Mary Beth LaBelle knew her knee had deteriorated.

While living in Colorado for work, she could barely hike 30 minutes before cutting the hike short. Her knee would swell the next day.

She couldn’t walk without pain, let alone dance—one of her lifelong passions.

LaBelle, 59, tried hydrocortisone shots in 2012. She tried pain medication for years.

In January 2021, in consultation with her primary care doctor, LaBelle met with Spectrum Health orthopedic surgeon C. Christopher Sherry, DO.

“They take a knee X-ray immediately of both of your knees,” LaBelle said. “And he brought it up right on screen and he said, ‘Oh my gosh—you have no cartilage left.'”

Within a week, Dr. Sherry had her scheduled for surgery.

That came Feb. 8. Several hours later, she showed doctors she could walk with a walker and make it safely to the bathroom. She could navigate steps, too.

Doctors allowed her to return home.

Younger patients

Dr. Sherry, section chief of adult reconstruction in the orthopedics group at Spectrum Health, said LaBelle’s experience—which included outpatient knee replacement surgery—isn’t unusual nowadays.

“It has come a long way,” he said of joint replacement surgery. “We’ve found better ways to optimize patient (outcomes), to decrease risks associated with the surgical procedure.

“We do a better job of mobilizing patients after surgery. We use better multi-modal pain controls.”

It ultimately helps patients get up and moving.

“We’ve dramatically decreased length of stay in the hospital following knee replacement,” Dr. Sherry said. “Ten years ago, the average length of stay was four days. And on average, it’s just over one day now.”

Joint replacement can even be done as an outpatient procedure, as happened with LaBelle.

“We’re doing knee replacements that go home the same day as surgery,” the doctor said.

The average age of a patient has also gotten younger, dropping from 68 to 66 years old.

Patients in their 40s and 50s are coming in much more regularly, Dr. Sherry said. In addition to improvements in surgery and post-surgery procedures, the physical quality of the implants has also improved.

“It’s a big surgery, you don’t want to downplay that,” Dr. Sherry said. “But once you get it done, a lot of patients say, ‘I wish I would have done that five or 10 years ago.’”

It’s an easier road than most patients think.


LaBelle first started experiencing knee pain in 2004, after tearing her ACL and having surgery to repair it.

She waited 16 years to schedule her first knee replacement surgery. Then she had her other knee replaced in October, just eight months after her first surgery.

She had no fear of surgery. In fact, she’d looked forward to it.

“I think the only way I can describe handling surgery: It’s being a new parent versus having your second child,” she said. “When you do not know what to anticipate, the process is overwhelming. Am I supposed to feel this pain? Am I not? … It’s a lot of unknowns.”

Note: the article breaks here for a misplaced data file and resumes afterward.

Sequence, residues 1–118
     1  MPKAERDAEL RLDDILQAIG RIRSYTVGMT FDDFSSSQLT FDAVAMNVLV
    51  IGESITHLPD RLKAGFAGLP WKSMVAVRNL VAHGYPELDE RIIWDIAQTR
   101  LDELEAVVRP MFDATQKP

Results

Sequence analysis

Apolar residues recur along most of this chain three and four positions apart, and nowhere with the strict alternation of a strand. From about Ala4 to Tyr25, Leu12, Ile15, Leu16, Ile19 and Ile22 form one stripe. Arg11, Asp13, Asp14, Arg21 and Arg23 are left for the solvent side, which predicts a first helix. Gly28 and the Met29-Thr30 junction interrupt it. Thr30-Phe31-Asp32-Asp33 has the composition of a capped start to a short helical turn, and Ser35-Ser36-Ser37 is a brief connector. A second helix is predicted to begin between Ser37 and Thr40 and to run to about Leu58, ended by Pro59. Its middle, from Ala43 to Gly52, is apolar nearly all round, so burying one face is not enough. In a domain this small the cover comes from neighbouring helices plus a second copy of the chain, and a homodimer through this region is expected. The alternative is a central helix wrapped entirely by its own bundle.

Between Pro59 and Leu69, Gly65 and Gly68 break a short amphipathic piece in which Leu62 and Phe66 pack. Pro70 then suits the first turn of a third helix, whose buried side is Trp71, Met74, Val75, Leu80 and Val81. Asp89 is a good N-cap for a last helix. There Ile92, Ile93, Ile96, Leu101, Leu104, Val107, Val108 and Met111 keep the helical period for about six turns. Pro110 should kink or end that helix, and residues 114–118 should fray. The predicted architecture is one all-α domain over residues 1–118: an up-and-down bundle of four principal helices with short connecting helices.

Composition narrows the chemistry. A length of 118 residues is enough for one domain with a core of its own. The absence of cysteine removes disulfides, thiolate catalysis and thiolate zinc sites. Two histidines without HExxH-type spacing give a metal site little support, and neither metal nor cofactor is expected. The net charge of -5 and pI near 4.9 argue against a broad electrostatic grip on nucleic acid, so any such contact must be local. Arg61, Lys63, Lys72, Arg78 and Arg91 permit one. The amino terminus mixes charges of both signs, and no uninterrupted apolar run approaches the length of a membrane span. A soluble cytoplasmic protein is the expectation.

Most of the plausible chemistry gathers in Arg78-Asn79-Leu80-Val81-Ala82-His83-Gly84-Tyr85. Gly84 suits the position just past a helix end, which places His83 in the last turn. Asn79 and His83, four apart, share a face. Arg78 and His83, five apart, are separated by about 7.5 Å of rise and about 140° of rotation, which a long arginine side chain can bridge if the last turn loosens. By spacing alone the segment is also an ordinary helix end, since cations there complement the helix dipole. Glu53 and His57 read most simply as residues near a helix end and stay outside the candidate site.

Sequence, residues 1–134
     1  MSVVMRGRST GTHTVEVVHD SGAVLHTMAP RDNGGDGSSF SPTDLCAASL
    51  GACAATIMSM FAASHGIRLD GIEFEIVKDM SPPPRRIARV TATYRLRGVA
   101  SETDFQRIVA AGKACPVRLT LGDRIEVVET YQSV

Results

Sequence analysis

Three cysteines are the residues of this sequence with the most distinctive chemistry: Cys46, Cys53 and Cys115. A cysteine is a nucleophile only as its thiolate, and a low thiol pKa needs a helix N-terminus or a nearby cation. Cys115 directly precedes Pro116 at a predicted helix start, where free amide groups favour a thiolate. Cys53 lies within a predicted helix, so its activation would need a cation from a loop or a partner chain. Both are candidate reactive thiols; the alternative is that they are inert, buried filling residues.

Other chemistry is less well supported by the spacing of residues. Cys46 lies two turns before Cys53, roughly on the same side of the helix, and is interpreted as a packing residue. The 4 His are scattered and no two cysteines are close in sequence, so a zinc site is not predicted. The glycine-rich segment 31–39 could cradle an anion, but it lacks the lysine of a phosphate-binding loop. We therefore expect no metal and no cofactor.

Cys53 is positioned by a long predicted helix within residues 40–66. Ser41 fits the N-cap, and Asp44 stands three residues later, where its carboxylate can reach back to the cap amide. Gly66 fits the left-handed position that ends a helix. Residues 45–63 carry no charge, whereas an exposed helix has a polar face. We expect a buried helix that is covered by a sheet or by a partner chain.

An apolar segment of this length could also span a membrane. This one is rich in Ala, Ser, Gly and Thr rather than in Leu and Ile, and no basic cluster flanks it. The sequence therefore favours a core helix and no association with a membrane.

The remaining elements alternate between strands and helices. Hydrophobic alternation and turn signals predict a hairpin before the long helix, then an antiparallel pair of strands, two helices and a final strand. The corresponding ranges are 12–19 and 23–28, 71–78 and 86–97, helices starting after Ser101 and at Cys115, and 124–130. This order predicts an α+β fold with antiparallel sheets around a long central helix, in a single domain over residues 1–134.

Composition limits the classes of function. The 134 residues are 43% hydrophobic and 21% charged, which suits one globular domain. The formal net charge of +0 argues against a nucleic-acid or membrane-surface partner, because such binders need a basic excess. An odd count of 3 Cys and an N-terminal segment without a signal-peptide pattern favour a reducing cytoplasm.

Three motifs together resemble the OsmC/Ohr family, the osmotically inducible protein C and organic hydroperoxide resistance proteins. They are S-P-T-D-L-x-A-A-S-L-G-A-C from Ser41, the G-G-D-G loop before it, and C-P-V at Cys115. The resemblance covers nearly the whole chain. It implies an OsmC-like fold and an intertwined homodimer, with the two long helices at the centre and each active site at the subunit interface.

But the second time through it, she said, you understand the signals your body sends.

Spectrum Health ensures you have knowledge and comfort at every stage, she said—from the helper sitting in your outpatient surgery suite when you wake up, to the physical therapists, nurse navigators and extensive information packets.

LaBelle recently spent a night dancing at a club for three-plus hours. The next day she walked around Grand Rapids pain-free.

She’s headed to Florida in July with her daughter to see family and visit Disney World.

“Can you imagine?” she said. “That’s non-stop walking. And I’m looking forward to it.

“The whole idea is to live your best life by experiencing what our world offers, in people and places. I want to go, explore and take advantage of this sweet life with strong knees.

“Plenty of people get their knees replaced in their 70s and they wait and wait and are in pain,” she said. “But everyone says the same thing once they get it done: ‘I should have done it sooner. Why did I wait?’”

LaBelle’s decision to schedule her second knee replacement soon after her first is actually not unusual, given the positive benefits of joint replacement.

“A lot of times they’re coming back much sooner, believe it or not,” Dr. Sherry said. “I’ve got patients at their six-week post-op appointment saying, ‘When are we going to do the second one?’”

Each case varies, but generally a patient’s first knee replacement will inspire the second replacement—in short order.

“Once patients starting getting up to speed with their first joint and feeling good and getting back to normal activity, they start noticing their other bad one and how much it’s slowing them down,” Dr. Sherry said. “And they generally don’t hesitate to jump into that second joint replacement.”

Nearly 98% of patients have positive outcomes, but it also helps to have a positive outlook for peak success.

LaBelle had that—and she proved the ideal patient.

“She was a very motivated patient, really had the desire to do well and then did because of what she put into it pre- and post-surgery,” Dr. Sherry said.

The pain LaBelle had been experiencing had affected her quality of life.

“She couldn’t function at a really young age,” Dr. Sherry said.

The joint replacements fixed that, “giving her back everything she wants to do, pain-free,” the doctor said. “And that’s really exciting.”